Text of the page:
And how was this money used other than staffing? One answer is new tech.

Every year there is a Border Security Expo, where private companies and government officials meet, the former showing off their newest technology. It’s a place where weapons manufacturer GLOCK, INC is three stands down from the Border Patrol Foundation.

The 2018 Border Security Expo featured a keynote speech from the Deputy Secretary of the Department of Homeland Security, as well as a panel on procurement moderated by the Former Acting Commissioner of CBP. Government officials and respected industry elites talk, and contractors listen, anticipating the financial implications.

What did this exponential increase in funding and staffing do to stop the flow of immigration? It shifted it to from the accessible urban entries to less habitable parts of the border along southern Arizona and Texas, where 6,023 migrants died from 2000 – 2016.

While it could be successfully argued that more funding would be appropriate to heighten security against suspected terrorists, the greater proportion of groups this surveillance has affected are families, often seeking asylum, such as the surge from Central America in 2014 caused by an extreme escalation in gang violence in Guatemala, Honduras, and especially El Salvador.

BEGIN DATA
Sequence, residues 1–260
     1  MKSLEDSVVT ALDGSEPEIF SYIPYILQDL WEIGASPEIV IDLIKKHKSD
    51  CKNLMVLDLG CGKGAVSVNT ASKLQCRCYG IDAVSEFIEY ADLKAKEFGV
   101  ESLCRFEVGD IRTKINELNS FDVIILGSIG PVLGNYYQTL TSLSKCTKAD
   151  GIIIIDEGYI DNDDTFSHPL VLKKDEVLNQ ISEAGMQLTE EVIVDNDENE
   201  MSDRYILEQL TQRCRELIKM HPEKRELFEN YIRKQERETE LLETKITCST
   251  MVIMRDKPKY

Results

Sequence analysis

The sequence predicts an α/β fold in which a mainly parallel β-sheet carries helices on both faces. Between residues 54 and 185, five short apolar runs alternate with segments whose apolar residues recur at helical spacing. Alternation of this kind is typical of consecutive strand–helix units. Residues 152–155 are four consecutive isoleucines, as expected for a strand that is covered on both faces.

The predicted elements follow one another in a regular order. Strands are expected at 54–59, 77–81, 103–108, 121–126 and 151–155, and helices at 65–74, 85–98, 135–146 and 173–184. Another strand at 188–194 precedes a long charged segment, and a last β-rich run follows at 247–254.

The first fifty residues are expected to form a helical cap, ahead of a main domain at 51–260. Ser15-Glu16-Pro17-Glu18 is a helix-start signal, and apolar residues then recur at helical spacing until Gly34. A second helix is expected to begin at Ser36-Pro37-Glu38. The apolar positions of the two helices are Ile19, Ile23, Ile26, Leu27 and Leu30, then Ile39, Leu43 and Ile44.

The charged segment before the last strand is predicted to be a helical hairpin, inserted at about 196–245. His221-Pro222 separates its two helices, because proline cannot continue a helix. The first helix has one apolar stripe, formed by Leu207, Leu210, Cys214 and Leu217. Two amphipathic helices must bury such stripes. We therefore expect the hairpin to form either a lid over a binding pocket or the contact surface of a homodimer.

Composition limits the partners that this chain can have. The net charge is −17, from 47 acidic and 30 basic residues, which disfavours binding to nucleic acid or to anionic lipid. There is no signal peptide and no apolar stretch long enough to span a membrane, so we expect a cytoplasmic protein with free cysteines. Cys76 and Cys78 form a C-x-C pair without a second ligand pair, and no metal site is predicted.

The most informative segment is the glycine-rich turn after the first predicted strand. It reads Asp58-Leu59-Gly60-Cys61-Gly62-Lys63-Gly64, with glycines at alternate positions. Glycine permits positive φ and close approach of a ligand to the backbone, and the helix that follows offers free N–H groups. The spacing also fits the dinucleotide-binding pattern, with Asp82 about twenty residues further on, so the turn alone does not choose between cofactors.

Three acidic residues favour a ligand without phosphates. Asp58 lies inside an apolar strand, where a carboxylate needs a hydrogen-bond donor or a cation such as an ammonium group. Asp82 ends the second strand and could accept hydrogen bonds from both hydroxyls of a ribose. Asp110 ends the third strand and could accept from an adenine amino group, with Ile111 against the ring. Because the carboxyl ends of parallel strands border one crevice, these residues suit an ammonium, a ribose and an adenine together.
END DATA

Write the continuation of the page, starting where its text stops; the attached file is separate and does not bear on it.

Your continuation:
An infrastructure for efficiently and ethically handling undocumented immigrants is not in place. This leads to a state of limbo in detention centers operated by for-profit corrections corporations. In one instance, three women in T. Don Hutto Detention Center (operated by CoreCivic, formerly CCA) claimed to be sexually abused by guards.

Lobbying by these corrections institutions is another revenue stream feeding the border security industry. CoreCivic contributed over $1 million in 2016, including campaign donations to more than 60 candidates, most of which were Republican.

The problem is that CoreCivic has breached contracts in the past, as was found in the DOJ’s report on CoreCivic’s Leavenworth Detention Center in 2017.

When it comes to immigration reform, border security is described with strategy and detail, both in the rhetoric and the bills themselves, with human rights provisions left vague, as is shown in prominent immigration Congressman John Culberson’s statement on Border Security and Immigration.

These concerns are indicative of a reactive atmosphere surrounding immigration, one that violates international human rights, such as separating parents from their children, in favor of efficient detainment and/or deportation, in the hopes of seeking that elusive “effective deterrent”.

Security and undocumented immigration today are reduced to a binary proposition rather than offering comprehensive immigration reform that encompasses both security and human rights protection.

To break this binary, evangelical Christians should foster dialogue between advocates, CBP, border constituencies, and lawmakers. Why not be the ones who create the space where this happens?